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« Reply #2 on: April 11, 2017, 11:56:42 PM »

I'm with Xathan (and not because I'm their sock puppet <_<). In a more simulationist game, like PF/D&D3, tiny is going to bring a lot of assumptions that makes it difficult to balance. Same goes for large.

If you're playing a less simulationist system, like D&D4 or 5, or something that has prescribed limitation, like M&M, then you can balance different sizes a lot more.

I'm really on the fence as to which approach I like better.
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« Reply #3 on: April 13, 2017, 08:08:02 PM »

I think it'd be pretty easy to house-rule Pathfinder to accommodate Tiny/toy-sized races without causing huge problems.

Alternatively, just change the bounds of what counts as "Small." These are incredibly arbitrary, completely made-up categories anyway that don't reflect reality especially well. Even in a "simulationist" system the size categories and associated bonuses/penalties are pretty rough. There is theoretically some creature that is technically Small but very close to Tiny, and some creature that is Tiny but very close to Small, and those would have very different stats according to size category, while in reality they'd have roughly the same AC etc. I say just ignore or rewrite the size rules in Pathfinder according to taste.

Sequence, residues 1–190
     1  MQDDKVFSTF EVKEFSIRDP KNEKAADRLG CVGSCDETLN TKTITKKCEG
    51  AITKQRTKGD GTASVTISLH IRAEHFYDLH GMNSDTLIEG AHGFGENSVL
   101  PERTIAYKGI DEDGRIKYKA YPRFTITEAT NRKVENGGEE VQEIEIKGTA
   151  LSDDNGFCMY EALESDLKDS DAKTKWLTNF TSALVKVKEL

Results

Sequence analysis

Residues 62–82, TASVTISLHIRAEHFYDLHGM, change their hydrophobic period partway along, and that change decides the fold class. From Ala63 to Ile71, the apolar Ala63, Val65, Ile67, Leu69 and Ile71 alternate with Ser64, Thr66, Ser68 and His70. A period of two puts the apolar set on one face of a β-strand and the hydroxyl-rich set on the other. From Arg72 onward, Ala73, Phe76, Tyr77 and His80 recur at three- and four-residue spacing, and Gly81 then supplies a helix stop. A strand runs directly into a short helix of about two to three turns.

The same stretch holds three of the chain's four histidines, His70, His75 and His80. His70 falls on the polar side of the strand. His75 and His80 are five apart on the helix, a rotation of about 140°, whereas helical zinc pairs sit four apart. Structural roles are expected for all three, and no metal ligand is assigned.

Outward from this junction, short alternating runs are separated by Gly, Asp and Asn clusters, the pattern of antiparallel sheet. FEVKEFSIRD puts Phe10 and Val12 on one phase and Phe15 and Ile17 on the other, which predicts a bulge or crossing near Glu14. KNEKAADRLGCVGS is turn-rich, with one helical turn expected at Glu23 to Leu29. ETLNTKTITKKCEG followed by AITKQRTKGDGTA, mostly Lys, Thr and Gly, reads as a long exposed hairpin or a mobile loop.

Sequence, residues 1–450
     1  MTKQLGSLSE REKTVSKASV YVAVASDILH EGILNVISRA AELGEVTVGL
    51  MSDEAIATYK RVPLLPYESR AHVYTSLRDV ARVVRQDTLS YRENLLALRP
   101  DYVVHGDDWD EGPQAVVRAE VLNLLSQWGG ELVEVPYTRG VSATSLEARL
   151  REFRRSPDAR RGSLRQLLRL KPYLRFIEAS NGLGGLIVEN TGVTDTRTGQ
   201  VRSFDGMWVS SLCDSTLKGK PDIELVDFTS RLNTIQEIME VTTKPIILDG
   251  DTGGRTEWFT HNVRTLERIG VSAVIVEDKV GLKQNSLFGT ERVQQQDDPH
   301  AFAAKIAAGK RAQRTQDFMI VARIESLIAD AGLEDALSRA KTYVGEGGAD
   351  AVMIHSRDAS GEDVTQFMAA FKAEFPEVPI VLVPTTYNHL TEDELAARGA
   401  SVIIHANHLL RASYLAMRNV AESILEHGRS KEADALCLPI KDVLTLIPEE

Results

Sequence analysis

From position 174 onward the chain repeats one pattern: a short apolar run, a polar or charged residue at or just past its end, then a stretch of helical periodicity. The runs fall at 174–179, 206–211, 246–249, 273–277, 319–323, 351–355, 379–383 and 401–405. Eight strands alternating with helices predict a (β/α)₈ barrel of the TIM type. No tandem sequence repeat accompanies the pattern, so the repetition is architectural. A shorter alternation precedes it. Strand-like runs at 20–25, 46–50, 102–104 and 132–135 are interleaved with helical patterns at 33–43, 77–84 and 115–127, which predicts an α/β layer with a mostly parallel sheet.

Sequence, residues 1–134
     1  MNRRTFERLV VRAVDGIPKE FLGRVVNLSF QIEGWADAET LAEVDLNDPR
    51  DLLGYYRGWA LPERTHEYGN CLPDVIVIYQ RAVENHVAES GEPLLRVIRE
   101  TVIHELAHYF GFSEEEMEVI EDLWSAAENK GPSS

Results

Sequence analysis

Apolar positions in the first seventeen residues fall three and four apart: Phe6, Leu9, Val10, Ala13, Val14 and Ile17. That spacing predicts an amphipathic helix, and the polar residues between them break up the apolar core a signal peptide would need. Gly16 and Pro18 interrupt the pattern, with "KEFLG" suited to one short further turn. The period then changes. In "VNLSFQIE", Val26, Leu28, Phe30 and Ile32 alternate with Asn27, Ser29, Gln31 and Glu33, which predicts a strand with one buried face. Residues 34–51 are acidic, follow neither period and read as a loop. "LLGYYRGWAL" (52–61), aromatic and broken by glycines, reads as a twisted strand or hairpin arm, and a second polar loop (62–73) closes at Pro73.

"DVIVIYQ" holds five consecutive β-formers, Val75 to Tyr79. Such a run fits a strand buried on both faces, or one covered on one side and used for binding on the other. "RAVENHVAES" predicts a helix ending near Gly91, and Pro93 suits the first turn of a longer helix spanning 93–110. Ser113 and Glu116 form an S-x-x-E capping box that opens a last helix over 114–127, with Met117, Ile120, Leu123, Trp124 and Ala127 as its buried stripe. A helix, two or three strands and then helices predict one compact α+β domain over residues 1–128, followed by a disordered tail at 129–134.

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« Reply #4 on: April 13, 2017, 09:02:13 PM »

PF has a number of weird and lesser-known rules that only appear when dealing with non-standard creature sizes.  They range from the fairly obvious (Tiny creatures get +8 to Stealth checks), to the uncommon (Tiny creatures have a reach of zero), to the downright esoteric (armor for creatures of Tiny size or smaller confers only 1/2 its normal AC bonus, a rule which is helpfully buried in a footnote of the "armor for unusual creatures" table in the armor and equipment section*).  Some of these may be desirable, or even part of the point of the exercise - certainly the +4 Stealth bonus for being Small is a reason people consider certain races for certain classes in PF.  Whether they all add up to broken-ness or not is just a personal opinion and depends substantially on the adventure itself.

I tend to agree with Xathan that in practice, huge physical disparities create unexpected difficulties.  That's not just true for size, but things like senses and limbs - having a blind character means you need to rethink your descriptions and possibly your plots as well, while a character without opposable thumbs (an awakened animal?) will produce all sorts of odd situations in which a character can't logically contribute to a task which would otherwise have been trivial.